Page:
To put Amazon in context, we asked survey respondents (all of whom had bought clothing or footwear in the past 12 months) to choose which, if any, of the retailers listed they had bought apparel from during that period. Respondents were free to choose any of the retailers listed and were asked to choose all that apply.
By Total Number of Apparel Shoppers, Only Walmart Beats Amazon
Our survey confirmed that Walmart was the most-shopped retailer for clothing and footwear over the past 12 months. Amazon is neck and neck with Target as America’s second-most-shopped retailer for clothing and footwear. That does not directly imply that Amazon is America’s second-biggest apparel retailer by sales, however, as shoppers’ average spend and frequency of purchase both factor into this metric.
Prime members are responsible for pushing Amazon up the “most-shopped retailer” ranking. Among Prime members, Amazon is by far the leading retailer for clothing and footwear, as measured by number of shoppers. This is balanced out by Amazon ranking relatively low among those with no access to Prime: in fact, Amazon is just the seventh-most-popular retailer among those who do not subscribe to Prime.
Where Else Do Amazon Apparel Shoppers Buy Clothing and Footwear?
Confirming an Amazon-Target shopper overlap, Target is the leading alternative clothing and footwear retailer for Amazon apparel shoppers.
Apparel Is the Fourth-Most-Shopped Category on Amazon.com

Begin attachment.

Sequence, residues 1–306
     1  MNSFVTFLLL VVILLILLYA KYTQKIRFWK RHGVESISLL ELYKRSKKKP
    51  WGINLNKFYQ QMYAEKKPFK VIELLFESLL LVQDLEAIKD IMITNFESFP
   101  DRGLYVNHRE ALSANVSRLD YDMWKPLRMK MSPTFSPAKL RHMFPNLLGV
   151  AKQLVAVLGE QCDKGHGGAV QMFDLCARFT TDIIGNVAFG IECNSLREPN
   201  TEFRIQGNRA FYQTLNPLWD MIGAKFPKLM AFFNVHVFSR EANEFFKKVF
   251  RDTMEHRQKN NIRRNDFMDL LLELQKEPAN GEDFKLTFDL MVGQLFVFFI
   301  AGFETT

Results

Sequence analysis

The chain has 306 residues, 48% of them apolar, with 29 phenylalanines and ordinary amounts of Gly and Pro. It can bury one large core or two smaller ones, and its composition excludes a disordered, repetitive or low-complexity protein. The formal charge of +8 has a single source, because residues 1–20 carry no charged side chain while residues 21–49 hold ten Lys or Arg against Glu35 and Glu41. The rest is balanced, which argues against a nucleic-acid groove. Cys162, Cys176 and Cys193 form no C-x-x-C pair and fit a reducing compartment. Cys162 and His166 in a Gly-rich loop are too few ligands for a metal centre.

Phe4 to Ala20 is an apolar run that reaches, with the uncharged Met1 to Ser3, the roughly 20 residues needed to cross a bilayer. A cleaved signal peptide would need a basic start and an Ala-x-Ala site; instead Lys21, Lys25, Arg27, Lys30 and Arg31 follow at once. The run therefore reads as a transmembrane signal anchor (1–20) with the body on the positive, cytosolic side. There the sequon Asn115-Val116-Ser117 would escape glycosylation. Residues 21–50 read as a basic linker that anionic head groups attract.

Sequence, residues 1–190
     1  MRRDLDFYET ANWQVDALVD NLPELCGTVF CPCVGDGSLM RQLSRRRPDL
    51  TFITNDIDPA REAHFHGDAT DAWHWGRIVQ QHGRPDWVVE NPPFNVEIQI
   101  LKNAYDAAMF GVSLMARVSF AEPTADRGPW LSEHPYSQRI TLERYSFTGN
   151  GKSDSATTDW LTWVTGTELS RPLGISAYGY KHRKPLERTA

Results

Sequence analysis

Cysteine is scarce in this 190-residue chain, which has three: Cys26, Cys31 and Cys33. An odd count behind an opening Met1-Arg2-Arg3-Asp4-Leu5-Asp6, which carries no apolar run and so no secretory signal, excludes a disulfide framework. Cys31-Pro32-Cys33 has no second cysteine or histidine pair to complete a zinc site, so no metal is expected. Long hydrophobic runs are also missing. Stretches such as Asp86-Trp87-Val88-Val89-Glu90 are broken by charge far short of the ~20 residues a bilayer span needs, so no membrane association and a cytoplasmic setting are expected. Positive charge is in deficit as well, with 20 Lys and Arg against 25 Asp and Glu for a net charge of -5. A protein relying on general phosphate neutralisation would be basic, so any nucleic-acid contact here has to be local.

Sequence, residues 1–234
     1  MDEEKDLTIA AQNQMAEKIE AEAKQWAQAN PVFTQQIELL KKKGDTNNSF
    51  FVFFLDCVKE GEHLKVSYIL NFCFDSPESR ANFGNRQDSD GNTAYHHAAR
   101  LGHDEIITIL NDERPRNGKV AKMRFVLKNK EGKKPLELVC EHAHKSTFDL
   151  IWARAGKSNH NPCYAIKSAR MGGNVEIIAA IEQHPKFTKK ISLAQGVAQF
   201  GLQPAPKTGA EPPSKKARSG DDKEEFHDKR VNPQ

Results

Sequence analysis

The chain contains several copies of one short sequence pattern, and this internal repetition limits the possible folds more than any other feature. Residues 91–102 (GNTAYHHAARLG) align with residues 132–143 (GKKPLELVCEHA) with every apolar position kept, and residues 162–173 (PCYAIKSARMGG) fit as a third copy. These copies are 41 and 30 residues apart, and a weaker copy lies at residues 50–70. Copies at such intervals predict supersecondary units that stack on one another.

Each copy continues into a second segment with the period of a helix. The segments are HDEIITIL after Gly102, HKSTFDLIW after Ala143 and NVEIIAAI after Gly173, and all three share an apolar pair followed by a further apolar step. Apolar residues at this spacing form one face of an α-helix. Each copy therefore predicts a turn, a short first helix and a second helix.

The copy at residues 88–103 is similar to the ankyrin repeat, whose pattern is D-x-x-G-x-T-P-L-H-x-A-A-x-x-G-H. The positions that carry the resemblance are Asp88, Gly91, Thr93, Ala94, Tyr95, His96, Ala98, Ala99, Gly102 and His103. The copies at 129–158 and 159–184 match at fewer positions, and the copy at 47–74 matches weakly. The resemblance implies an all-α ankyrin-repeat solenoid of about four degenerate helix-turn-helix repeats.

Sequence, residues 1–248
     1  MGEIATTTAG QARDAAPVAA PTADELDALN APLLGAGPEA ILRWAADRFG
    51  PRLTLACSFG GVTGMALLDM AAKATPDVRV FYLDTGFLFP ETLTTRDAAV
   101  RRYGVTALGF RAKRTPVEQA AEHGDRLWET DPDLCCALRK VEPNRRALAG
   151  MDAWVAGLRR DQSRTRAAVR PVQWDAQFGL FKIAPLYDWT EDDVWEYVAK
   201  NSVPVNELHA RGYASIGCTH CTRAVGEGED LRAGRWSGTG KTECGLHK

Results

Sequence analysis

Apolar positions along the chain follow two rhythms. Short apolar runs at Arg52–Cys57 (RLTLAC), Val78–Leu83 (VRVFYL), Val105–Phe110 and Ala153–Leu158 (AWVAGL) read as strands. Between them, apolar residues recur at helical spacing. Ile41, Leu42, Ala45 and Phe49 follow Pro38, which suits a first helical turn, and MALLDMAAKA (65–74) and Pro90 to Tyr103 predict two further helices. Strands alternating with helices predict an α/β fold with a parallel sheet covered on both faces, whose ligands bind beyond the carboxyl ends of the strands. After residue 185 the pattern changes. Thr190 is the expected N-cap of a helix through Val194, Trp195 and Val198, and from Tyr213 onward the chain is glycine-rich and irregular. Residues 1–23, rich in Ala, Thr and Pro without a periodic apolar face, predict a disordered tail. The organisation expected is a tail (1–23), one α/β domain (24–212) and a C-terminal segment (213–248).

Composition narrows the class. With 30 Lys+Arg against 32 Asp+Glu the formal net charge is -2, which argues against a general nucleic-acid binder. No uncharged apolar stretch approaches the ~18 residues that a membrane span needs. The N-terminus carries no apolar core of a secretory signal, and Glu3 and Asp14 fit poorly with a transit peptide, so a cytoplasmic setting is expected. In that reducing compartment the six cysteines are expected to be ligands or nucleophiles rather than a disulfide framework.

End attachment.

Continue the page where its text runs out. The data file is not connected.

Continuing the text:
Our survey found that clothing and footwear is the fourth-most-shopped category on Amazon. In the past 12 months, only books (including e-books), beauty and personal care products, and electronics attracted greater shopper numbers on the site.
One key finding of our research is that Prime membership is the principal support for Amazon’s apparel expansion, as Prime members show a much higher tendency than the average consumer to buy apparel on the site. As we show below, Prime membership has trended strongly upward in the recent past. The inference must be that further growth in Prime membership will, in the near term at least, be the foundation on which Amazon will build greater share in the apparel category.
This report has focused on our proprietary survey findings. For completeness, we conclude by bringing together estimates of Amazon’s US apparel sales from third-party research firms. All the figures noted below are for gross merchandise volume, which includes sales by third-party sellers on Amazon.
We present these figures with the caution that no research firm truly knows how much clothing and footwear is sold on Amazon. We also note that some research firms have enjoyed substantial media coverage on the back of estimates that have placed Amazon as one of the very largest retailers of apparel in the US. We further note the risk of a herding effect, whereby some research firms may be reluctant to estimate figures that vary susbtantially from those published by other firms and that are already in the public domain.
For this report, we conducted an online survey of 1,699 demographically representative, Internet-using American adults between January 18 and January 24, 2018. Of the respondents, 1,564, or 92%, had bought clothing or footwear in the past 12 months.
Online surveys represent Internet users and, according to the Pew Research Center’s latest published data, 88% of Americans were Internet users in 2016. The proportion of the total US population using the Internet has been climbing by around two percentage points per year, according to Pew data. So, in January 2018, when we undertook our survey, it is likely that approximately 90%–91% of Americans were Internet users.